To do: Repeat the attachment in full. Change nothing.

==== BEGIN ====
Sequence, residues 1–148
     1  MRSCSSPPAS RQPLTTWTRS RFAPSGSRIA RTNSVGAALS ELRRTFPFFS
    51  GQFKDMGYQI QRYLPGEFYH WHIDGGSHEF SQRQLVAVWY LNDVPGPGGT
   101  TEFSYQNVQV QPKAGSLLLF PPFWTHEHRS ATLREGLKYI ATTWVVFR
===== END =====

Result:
Sequence, residues 1–148
     1  MRSCSSPPAS RQPLTTWTRS RFAPSGSRIA RTNSVGAALS ELRRTFPFFS
    51  GQFKDMGYQI QRYLPGEFYH WHIDGGSHEF SQRQLVAVWY LNDVPGPGGT
   101  TEFSYQNVQV QPKAGSLLLF PPFWTHEHRS ATLREGLKYI ATTWVVFR